Thursday, January 5, 2017

In New Jersey, only a few newspaper watchdogs are left

In a near-empty press row in the NJ State House, Joe Albright, 87, writes his weekly column for The Jersey Journal

David W. Chen reports for The New York Times:


TRENTON — When New Jersey lawmakers blocked a vote last month on a bill backed by Gov. Chris Christie that would have ended the requirement that legal notices be published in newspapers, it was a rare good news story for the state’s press corps.

Publishers said the bill, which would have let the notices move online, would have cost newspapers $20 million in revenue and perhaps hundreds of journalists’ jobs.

That was in addition to the cutbacks and layoffs that have left the industry feeling as if it were “running up a down escalator,” as Tom Moran, editorial page editor of The Star-Ledger, the state’s largest newspaper, put it.

The Star-Ledger, which almost halved its newsroom eight years ago, has mutated into a digital media company requiring most reporters to reach an ever-increasing quota of page views as part of their compensation.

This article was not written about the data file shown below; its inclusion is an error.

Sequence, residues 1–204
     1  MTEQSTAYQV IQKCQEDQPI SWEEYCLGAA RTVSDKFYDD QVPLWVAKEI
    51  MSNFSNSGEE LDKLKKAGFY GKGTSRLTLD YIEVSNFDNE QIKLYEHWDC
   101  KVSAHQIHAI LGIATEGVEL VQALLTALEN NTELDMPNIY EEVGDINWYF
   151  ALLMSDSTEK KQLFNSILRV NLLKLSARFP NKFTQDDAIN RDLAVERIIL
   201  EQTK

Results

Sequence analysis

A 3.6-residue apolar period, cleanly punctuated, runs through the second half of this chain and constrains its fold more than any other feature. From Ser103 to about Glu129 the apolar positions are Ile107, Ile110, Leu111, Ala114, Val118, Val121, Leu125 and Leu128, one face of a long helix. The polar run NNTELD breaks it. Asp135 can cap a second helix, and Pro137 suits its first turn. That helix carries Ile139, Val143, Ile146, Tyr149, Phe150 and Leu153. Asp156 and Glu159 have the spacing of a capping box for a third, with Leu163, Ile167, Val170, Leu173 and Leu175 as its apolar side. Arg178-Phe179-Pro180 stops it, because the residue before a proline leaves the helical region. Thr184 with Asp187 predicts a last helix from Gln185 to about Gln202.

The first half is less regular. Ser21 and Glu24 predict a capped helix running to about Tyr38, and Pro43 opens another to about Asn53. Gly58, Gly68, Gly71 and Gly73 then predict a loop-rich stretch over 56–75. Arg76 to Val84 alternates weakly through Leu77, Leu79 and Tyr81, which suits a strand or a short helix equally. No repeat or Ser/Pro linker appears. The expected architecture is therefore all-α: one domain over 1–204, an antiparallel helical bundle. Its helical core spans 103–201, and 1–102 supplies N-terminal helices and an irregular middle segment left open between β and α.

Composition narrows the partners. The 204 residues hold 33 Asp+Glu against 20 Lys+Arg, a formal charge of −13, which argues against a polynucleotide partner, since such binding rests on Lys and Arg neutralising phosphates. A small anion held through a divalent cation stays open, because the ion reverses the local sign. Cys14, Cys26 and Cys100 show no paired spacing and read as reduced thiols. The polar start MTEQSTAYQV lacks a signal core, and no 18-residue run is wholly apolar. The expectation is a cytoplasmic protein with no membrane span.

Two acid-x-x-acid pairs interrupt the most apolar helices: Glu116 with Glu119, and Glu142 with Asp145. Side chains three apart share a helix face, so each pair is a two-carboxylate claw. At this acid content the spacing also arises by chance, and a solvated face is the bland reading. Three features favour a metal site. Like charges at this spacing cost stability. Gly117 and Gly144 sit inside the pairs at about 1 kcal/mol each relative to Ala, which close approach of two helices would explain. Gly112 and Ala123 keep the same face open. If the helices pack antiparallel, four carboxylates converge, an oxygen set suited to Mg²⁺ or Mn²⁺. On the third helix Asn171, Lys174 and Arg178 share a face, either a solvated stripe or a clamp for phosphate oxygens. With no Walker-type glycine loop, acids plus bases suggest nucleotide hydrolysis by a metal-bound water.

The state’s second-largest paper, The Record, which focuses on its most populous county, Bergen, said it would lay off more than 400 people after it was purchased in July by the Gannett Company (although some were expected to be rehired if they reapplied for their jobs). And that was after it endured a 20 percent cut to the newsroom in 2008.

The Wall Street Journal, which built upon Bridgegate, a political scandal uncovered by The Record, now has one New Jersey beat reporter churning out shorter articles. And after operating bureaus in Trenton, Newark and Hackensack as recently as 10 years ago, The New York Times does not have a New Jersey beat reporter.

The declining fortunes of the state’s newspapers are part of a retrenchment in newspaper publishing across the country, but they have been acutely felt because of New Jersey newspapers’ role in holding powerful institutions and people accountable in a state that lacks a major independent television station.

The timing also could not be worse, given all the news in the past year related to Mr. Christie, terrorism, crumbling infrastructure and the sizable local presence of President-elect Donald J. Trump.

“If Bridgegate happened today, would someone have covered it?” said Richard A. Lee, an associate professor at St. Bonaventure University, who researched the New Jersey media in a 2013 dissertation. “Because it was really a local reporter doing old-fashioned investigative reporting.”




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